Folic Acid and Vitamin B-12 May Help Prevent Heart Disease
WebMD News Archive
Dec. 11, 2000 -- High levels of the amino acid homocysteine
have been shown to cause harm by increasing clot formation in the blood vessels
in the heart. Recent evidence suggests that vitamins B-12 and folic acid may
help prevent heart disease by lowering the body's levels of homocysteine. But
until clinical trials are completed in about four years, the jury is still out
about not only the damaging effects of the amino acid but also the vitamins'
potential benefit in preventing heart disease.
High levels of the harmful amino acid homocysteine may account
for up to 10% of deaths from heart disease in men and 6% in women. But
"may" is the operative word, and until the verdict is in, the authors
of a study published in this week's Archives of Internal Medicine say
using folic acid and vitamin B-12 to treat middle-aged people with high levels
of homocysteine "may be a prudent option."
The researchers, from the University of Michigan in Ann Arbor,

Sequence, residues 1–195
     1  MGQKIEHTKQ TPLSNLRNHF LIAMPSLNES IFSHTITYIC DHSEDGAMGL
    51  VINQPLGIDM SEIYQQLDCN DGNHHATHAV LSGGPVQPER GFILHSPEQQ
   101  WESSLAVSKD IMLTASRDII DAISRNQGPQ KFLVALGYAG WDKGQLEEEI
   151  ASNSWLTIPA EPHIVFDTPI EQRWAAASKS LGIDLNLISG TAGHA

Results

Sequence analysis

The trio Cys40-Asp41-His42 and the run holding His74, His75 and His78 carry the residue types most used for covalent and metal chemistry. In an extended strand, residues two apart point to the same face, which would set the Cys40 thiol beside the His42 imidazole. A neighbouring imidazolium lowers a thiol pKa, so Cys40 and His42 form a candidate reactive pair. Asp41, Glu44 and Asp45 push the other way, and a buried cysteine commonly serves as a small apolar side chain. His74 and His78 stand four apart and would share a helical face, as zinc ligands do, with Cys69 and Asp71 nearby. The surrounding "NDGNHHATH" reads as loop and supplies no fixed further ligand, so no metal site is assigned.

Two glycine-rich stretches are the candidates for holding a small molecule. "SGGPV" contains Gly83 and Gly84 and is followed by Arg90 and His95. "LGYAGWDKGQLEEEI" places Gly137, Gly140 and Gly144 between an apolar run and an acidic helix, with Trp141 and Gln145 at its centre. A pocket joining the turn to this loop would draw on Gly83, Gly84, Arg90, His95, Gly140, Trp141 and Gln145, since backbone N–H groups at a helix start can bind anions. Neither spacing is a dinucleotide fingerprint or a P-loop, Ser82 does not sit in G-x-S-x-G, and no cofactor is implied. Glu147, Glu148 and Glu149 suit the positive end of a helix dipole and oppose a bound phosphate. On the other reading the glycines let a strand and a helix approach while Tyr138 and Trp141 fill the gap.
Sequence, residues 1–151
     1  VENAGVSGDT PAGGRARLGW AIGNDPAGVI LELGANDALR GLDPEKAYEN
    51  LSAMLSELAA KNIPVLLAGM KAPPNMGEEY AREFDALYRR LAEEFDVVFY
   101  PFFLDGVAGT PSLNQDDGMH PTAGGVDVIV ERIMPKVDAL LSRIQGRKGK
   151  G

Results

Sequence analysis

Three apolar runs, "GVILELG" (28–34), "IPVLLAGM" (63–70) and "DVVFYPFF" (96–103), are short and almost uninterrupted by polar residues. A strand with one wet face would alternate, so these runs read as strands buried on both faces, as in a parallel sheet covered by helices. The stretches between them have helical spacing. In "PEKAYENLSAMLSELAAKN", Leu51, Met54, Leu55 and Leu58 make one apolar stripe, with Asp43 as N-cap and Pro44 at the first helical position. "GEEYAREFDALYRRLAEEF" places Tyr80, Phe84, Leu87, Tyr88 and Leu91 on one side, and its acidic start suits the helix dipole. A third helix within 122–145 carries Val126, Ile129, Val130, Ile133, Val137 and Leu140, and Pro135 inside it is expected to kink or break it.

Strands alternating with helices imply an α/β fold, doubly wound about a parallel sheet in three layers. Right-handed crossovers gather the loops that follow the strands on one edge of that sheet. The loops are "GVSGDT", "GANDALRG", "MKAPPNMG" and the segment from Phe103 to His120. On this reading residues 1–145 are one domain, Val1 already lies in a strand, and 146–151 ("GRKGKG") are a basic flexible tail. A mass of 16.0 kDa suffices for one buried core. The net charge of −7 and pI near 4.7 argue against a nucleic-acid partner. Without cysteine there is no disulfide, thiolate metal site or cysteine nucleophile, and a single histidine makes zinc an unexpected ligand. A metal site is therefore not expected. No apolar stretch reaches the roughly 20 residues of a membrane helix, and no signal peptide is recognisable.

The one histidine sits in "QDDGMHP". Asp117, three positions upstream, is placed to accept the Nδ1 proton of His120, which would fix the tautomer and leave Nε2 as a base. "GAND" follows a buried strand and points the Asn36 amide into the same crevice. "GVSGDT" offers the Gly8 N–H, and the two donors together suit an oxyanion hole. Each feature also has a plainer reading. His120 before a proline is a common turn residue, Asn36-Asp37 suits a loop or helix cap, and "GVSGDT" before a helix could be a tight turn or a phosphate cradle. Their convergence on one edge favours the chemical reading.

calculated whether it makes more sense to give multivitamins to everyone, or
just to people with elevated homocysteine levels. They looked at patients
taking 400 mcg of folic acid and 500 mcg of vitamin B-12 daily, and found that
it would be most cost-effective if the supplements go to those whose blood
tests show elevated levels of homocysteine.
Of course, those who are not necessarily "at-risk" can
also benefit from the vitamins. Study author Brahmajee Nallamothu, MD, tells
WebMD consumers should try to get enough folic acid and vitamin B-12 through
their diets. Nallamothu is a fellow in the division of cardiovascular diseases
at the University of Michigan Health System.
Clinical nutrition consultant Linda Rodriguez says the best
food sources of folic acid are citrus fruits, tomatoes, vegetables, whole grain
and fortified grain products, beans and lentils. Major sources of B-12 include
meat, poultry, fish and dairy products. Rodriguez also recommends vitamin B-6,
B-12 and folic acid supplements because of their probable effect on
homocysteine levels and cardiac disease. Rodriguez is in private practice in